The forests are beautiful – many of the trees have wide buttressed roots and are covered in other plants. Roots extend and hang everywhere, waiting for high water, intertwining and plunging like curtains in a drama of unending decay and rebirth.

I can’t believe how interested I’m getting in birds. They’re easily the most commonly seen and most varied of all animals in the jungle. I understand the ecology of trees and flowers, but I always saw birds as secondary and uninteresting. All my photos are of plant life and insects; the birds and other large animals are too hard to photograph with a small point-and-click digital camera. I really want to return in the rainy season and see more, see what it’s like when the Yanayacu floods 15ft higher than it is now and all the animals are pushed into smaller parcels of higher ground.

Strangely and unexpectedly, the rainforest has been the most relaxing part of the trip. Cusco was bustling and active; the Inca Trail was physically challenging; the travel and logistical aspects were stressful. But I am “in” nature here and it is wonderful. I thought the mosquitoes, insects, rain, threats of sickness and disease, and heat and humidity would add up to be more discouraging than the other parts of the trip. Not so.

I have one and a half more days here. Tomorrow I visit a village, and then relax for a few hours before going out in the evening to camp overnight at a nearby cocha (oxbow lake). It sounds exhilarating and tough. Overnight in a tent in the jungle. It doesn’t get much more authentic than that.


Writing by kerosene lantern is quieting and somehow right, as long as the night is filled with crickets. An outboard announces the return of a boat to the little dock with the thatched roof, reached by wooden stairs lit by homemade torches smoking in the languid night.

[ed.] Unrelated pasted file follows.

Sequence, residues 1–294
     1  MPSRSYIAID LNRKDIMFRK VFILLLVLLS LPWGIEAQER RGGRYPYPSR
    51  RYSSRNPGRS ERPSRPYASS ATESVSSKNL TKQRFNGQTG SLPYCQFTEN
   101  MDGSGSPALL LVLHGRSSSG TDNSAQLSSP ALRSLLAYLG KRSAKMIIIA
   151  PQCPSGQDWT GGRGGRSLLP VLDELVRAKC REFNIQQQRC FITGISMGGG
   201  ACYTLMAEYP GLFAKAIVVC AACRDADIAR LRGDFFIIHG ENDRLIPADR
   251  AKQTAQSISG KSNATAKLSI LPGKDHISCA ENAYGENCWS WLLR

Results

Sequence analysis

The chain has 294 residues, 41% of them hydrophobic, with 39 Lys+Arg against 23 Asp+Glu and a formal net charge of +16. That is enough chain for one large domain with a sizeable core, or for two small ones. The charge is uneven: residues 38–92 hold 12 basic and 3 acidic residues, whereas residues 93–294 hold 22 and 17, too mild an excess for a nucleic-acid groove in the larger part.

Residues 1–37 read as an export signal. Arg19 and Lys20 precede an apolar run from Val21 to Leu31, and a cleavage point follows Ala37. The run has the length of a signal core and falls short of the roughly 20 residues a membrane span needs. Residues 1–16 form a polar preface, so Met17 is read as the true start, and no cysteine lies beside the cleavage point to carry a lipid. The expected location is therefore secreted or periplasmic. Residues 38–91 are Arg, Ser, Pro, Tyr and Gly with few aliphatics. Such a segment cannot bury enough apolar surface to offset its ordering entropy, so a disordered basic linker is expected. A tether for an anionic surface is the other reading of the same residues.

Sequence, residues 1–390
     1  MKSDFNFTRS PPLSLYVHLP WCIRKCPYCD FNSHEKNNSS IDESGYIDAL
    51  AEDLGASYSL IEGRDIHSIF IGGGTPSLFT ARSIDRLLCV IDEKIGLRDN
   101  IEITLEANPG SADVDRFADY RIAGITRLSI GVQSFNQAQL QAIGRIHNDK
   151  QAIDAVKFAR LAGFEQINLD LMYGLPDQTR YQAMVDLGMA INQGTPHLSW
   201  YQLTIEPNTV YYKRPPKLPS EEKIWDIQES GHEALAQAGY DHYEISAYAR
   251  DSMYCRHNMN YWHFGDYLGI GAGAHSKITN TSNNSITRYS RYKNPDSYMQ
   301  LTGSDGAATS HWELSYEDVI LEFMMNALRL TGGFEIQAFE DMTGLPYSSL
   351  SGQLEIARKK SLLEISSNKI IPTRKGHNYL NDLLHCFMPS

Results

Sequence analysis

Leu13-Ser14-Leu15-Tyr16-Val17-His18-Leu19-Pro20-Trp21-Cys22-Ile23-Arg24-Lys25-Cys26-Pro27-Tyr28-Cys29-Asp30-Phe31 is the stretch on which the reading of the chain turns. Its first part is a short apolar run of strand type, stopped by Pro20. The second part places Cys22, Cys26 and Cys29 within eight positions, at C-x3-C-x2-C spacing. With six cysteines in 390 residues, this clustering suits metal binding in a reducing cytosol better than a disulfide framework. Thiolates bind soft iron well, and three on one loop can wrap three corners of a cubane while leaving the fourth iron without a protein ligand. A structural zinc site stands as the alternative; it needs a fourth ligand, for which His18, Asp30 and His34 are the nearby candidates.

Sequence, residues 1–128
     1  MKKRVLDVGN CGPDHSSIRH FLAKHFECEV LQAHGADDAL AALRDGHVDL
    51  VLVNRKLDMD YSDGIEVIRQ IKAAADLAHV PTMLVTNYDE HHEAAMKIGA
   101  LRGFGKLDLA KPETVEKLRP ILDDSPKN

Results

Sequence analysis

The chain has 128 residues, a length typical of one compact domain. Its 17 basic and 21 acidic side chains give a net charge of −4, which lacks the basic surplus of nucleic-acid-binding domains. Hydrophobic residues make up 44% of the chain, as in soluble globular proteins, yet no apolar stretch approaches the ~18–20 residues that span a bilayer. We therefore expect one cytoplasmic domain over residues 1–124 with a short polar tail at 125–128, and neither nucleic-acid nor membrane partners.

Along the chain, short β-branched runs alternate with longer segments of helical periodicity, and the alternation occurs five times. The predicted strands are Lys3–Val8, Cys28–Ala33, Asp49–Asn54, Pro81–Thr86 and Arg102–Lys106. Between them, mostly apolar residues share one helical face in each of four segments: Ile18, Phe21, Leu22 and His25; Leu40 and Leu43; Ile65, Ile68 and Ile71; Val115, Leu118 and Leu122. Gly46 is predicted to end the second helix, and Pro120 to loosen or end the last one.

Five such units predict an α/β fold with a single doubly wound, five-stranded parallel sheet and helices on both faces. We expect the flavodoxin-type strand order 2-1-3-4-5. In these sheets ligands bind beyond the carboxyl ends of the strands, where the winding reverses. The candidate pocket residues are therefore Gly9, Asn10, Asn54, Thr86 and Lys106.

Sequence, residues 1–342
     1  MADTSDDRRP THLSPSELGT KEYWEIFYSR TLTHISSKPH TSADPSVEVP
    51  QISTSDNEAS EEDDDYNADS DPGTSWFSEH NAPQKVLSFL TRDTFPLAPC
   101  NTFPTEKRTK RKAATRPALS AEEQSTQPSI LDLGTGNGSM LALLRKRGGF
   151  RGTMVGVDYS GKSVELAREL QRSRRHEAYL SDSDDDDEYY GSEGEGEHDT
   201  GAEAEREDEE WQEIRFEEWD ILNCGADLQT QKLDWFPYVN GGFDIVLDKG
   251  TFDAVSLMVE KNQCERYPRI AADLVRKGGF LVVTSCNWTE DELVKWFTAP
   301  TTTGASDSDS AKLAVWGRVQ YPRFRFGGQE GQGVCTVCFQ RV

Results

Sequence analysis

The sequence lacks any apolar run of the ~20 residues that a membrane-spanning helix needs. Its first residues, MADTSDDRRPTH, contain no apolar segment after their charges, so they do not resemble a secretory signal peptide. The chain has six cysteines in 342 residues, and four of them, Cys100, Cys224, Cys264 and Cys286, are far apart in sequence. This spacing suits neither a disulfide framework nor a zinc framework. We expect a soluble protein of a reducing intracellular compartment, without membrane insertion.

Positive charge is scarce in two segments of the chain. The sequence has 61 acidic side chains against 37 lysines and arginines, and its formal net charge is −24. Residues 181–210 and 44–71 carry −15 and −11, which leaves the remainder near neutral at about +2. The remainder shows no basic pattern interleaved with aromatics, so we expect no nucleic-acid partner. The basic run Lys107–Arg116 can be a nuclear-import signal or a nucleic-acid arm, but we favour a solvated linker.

I may be the only guest still up. Activities here do depend on sunrise and sunset, on high water and low. It’s only 9pm and I’m not at all ready to sleep. I have a 6:30am expedition so I don’t need to get up before 5:30 at the earliest. I don’t need a full night’s sleep; I can nap between the village visit and the camping. I hope the staff hasn’t crashed and that I can get a beer – I’ve been looking forward to it.


Tonight’s night hike was about an hour long, down a trail behind the lodge. A tarantula darted into a deep seam in a tree, and we turned off our flashlights to try to lure the spider out. The night was still, almost subterranean, a nuanced perfect dark with just a few hints of lighter sky. Hulber took a drink of water and I heard every action, though I couldn’t see a thing – the bottle cap twisting, the water splashing, fabric rustling and the gulps as he drank – and the night insects chirped, sang, whistled; water dripped from vines and fronds; and the haunting, almost human grunts of a tree-frog resonated in the forest darkness.

The rainforest is spooky at night. It feels like a room with high ceilings. The beam from a flashlight only penetrates twenty feet or so before a wall of vegetation blocks it, and if pointed straight up, the light dissolves into darkness through successive layers of canopy. The rumors of the jungle filled with snakes and spiders are only partially true – we found only one snake, a harmless sharpnose coiled on a palm frond, and the spiders – tarantula, whip, and wolf – ran from our lights. The most dangerous animal here is the mosquito – I’ve just been bit all over my hands and neck, my only exposed skin.

I wasn’t nervous about the night hike, though Hulber said most guests aren’t willing to do it. I don’t see why not – the forest is so different at night, interesting, full of unknown potentials. Depth changes. Trees and vines twist and loom in a limbo of darkness, and the understory adopts strange shadows and shapes and forms. Color depends on light, and light only comes from a narrow source whose power to penetrate is limited against the dense dark.

I got pretty lonely sometimes, in Cusco and while traveling. Not so much in the jungle, or on the Inca Trail, where there has been activity to distract me from thoughts of home. Perhaps cities foster loneliness, while wild places replace loneliness with a sense of actual place – you do or you do not fit in, and you’re challenged every moment, unlike in cities where you can easily find someone who speaks your language, or return to your hotel and shower, or find a hot meal. And once that wild sense of place is established, you want to share those experiences. I beginning to remember that I’m a guest here, and that guests return home.

1 comment:

  1. i have read every post on your travels in peru, maybe out of a twinge of envy. Your writing is good storytelling. Captivating, concise and expressive at the same time. Keep it up. cheers J$